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Everything posted by Avocette

  1. I did just that about a year ago and find the combination great. I sandwich a TP-link 7 port USB3.0 hub between the two units. This is powered from one of the Powerbox 12V outputs, and it provides a 2.1A USB socket to power the RPi4. The current supplied is perfectly adequate since the RPi4 USB ports drive relatively low power to the directly connected devices (the TP-link unit and an SSD).
  2. I’ve been an avid user (rather than a developer) of KStars/Ekos/Indi with a Raspberry Pi 3+ and since they were launched in summer 2019, RPi 4s. I monitor, update and occasionally ask questions on the forum at www.indilib.org where the are certainly developers posting news and answering queries. I suggest you offer your skills over there where I’m sure you would be welcomed.
  3. Here’s a photo from which you can perhaps see my balance arrangements. The SW ED80 has its rings at the rearmost position (some boltheads prevent them actually touching the focuser casting). Then the dovetail is held also at its rearmost position. For the 61EDPH II I replaced the ludicrously short supplied red dovetail with a SW 21cm green one which leaves plenty of length for adjustment. The clamshell wide ‘ring’ is again close to the back end of its range of movement.
  4. Where is the balance point of your fully loaded telescope/guidescope/cameras combination? If it’s not within the length of the present dovetail, perhaps you could turn it backwards, at least as a test, before ordering the rings and new dovetail?
  5. I have just completed a very quick (but careful) dismantling and reassembly of my SkyMax150 Pro, taken some measurements, taken some photos and blown away a very few dust motes from the optics. The primary mirror diameter (measurement K in Magnus’s nomenclature) was 163mm overall and around 160mm if I discount the ground edge which is chamfered at about 45°. The Primary Mirror Retaining Ring (J) is 47mm. The Secondary Baffle Skirt is 52mm (H) at the wide end, and has a depth of 43mm (C&I). The metal tube is 2.2mm thickness and 178mm internal diameter. In my scope, this means that t
  6. @Captain MagentaDuring these stormy days I was thinking of having a look inside my SkyMax 150 and just wondered if you had yet found a moment to dismantle and reassemble yours? I bought mine second hand seven years ago and became convinced that ‘someone had had it apart’ probably for cleaning, when I noticed evidence of clear glue fixing the secondary baffle to the surface of the secondary mirror. I suppose cleaning the secondary mirror is more simple if the baffle is first removed. I have held back until now but have an urge to open it up to look more closely at the condition of the mirrors,
  7. If you buy the ZWO ASI533MC version, a number of spacers come with it to make replacing a Canon DSLR very simple. The pixel size is not very different from the Canon although the sensor size is just 11mm square so a somewhat reduced FOV.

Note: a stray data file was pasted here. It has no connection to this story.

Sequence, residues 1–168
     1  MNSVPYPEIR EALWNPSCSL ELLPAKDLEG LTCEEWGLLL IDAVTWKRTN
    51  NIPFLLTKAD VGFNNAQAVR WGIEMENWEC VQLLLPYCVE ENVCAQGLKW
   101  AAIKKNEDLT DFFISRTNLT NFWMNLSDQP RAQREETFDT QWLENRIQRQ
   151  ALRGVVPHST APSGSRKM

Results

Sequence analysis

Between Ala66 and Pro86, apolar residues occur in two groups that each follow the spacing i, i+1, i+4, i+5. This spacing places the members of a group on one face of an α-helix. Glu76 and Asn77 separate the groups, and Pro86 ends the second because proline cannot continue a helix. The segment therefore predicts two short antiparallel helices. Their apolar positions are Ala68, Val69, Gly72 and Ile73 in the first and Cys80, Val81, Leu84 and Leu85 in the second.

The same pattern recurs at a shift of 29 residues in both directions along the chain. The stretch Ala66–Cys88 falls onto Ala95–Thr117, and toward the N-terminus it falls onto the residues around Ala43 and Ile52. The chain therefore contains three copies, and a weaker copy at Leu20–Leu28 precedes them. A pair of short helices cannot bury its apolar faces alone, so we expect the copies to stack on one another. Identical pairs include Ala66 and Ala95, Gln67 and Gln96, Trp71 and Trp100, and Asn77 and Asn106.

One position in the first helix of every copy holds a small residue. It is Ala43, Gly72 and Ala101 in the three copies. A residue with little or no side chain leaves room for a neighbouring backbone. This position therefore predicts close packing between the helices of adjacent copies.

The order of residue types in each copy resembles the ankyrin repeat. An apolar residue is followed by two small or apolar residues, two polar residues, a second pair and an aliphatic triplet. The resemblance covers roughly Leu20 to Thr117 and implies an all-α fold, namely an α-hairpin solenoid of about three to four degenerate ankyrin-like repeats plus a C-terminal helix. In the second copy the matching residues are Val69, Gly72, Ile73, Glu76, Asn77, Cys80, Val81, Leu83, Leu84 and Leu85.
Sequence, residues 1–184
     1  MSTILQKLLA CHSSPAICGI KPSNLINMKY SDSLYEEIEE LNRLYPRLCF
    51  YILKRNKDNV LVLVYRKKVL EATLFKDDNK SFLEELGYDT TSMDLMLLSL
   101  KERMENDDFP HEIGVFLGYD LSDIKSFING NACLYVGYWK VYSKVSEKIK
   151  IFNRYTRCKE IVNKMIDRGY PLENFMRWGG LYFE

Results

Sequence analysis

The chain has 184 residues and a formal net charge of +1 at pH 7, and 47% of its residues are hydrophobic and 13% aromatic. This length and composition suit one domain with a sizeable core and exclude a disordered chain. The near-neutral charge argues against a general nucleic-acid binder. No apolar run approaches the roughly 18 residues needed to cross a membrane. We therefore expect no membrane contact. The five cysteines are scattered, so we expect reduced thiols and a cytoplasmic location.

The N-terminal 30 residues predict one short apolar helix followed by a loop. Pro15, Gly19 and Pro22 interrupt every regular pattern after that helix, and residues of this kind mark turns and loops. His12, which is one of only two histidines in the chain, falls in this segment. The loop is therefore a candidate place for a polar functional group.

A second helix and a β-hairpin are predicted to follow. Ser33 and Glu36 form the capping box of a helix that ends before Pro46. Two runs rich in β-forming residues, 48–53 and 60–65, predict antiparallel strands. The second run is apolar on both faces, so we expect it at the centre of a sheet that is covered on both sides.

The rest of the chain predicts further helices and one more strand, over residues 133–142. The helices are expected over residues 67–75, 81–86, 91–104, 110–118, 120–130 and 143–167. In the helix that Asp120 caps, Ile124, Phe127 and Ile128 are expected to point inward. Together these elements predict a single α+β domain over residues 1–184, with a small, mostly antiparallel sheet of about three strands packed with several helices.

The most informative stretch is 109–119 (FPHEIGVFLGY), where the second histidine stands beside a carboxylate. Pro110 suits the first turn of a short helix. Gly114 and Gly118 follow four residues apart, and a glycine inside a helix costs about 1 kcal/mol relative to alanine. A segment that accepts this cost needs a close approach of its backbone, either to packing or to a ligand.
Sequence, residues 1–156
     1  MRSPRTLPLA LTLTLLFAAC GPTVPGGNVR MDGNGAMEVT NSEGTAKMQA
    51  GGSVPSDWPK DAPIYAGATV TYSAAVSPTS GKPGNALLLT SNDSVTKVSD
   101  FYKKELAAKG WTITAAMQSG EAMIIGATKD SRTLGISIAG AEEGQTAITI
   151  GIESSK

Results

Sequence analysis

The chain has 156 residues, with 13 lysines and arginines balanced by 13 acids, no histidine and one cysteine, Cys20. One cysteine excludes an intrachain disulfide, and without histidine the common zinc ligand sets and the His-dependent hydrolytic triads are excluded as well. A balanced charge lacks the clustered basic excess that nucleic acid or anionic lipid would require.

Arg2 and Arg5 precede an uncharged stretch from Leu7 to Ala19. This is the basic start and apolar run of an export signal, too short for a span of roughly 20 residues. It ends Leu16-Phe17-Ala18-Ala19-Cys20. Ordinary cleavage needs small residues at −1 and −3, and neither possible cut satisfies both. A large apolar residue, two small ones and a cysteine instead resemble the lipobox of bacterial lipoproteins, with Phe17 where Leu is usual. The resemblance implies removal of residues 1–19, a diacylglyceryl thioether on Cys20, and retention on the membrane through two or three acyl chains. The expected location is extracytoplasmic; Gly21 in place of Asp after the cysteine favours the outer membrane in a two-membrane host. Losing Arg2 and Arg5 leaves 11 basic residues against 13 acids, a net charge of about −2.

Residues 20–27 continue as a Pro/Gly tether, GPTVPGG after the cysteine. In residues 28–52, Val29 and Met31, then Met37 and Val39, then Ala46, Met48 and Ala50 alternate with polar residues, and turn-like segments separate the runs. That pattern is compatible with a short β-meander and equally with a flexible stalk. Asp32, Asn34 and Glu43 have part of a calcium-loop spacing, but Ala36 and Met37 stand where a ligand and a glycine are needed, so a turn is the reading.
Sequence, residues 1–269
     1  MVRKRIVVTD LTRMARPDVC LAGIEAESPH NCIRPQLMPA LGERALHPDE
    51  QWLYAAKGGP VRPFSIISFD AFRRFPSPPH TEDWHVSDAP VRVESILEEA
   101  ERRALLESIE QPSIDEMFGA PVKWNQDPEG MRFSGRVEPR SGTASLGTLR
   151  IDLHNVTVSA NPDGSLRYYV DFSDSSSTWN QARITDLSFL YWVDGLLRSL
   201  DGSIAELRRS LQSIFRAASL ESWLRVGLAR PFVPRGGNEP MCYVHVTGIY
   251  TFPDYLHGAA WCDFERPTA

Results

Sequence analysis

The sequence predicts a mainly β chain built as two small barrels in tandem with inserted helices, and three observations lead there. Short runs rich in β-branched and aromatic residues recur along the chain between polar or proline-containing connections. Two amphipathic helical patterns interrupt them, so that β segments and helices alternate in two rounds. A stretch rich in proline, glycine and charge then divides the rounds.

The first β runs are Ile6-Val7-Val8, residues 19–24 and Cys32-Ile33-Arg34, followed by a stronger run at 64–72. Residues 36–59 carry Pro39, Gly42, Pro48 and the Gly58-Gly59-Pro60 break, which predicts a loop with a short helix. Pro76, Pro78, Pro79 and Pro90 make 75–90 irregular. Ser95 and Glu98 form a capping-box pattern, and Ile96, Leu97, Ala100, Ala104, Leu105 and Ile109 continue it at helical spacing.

8. Just watched a Youtube video which does a comparison although I didn’t figure if there were any conclusions......
  9. Exactly right.... I had planned to buy a Star Adventurer for a small grab & go rig, but then realised how much I would miss GoTo. And then with a RPi4 and Astroberry you can have back-friendly polar alignment and full platesolving.
  10. The RPi 400 is a keyboard ‘hiding’ the RPi4 4GB, so you’ll need to think about mounting it and preventing ingress of damp..... .....and for the purpose you propose, an RPi4 2GB in a flirc case, would do the astroberry job nicely!
  11. The luxury of being able to test with an SW wedge is unusual at the moment with supply shortages! I use such a wedge with good results.
  12. Where angels fear to....... I think you should hang on to the 200p Dobsonian until you are sure that whatever you choose to replace it with really is as good and as easy to handle! Your Dob has the significant advantage that it is very quick to settle to thermal equilibrium although it is a bit bulky and awkward. But everything is relative! As my ‘signature’ shows I presently have a number of telescopes of various types. Not listed are the ones that I have bought and subsequently sold over the last ten years beginning with a 200p Dob, then a 250p Dob and ultimately a 300p Flextube Do
  13. I use a dew strap on my refractor telescope lenses, but not on my ASI533. The refractor lens is prone to dewing up when it is pointed at the dark night sky and loses heat/cools down by radiation cooling. Moisture in the immediately adjacent air will condense when the lens is below the dew point of that air. A ‘dew shield’ may act as a physical barrier to more humid air and avoid air circulation to some extent, but ultimately when the dew point of the air near the lenses is reached dew will condense on them. Hence a dew strap heater around the lens area will help to keep the lenses above the de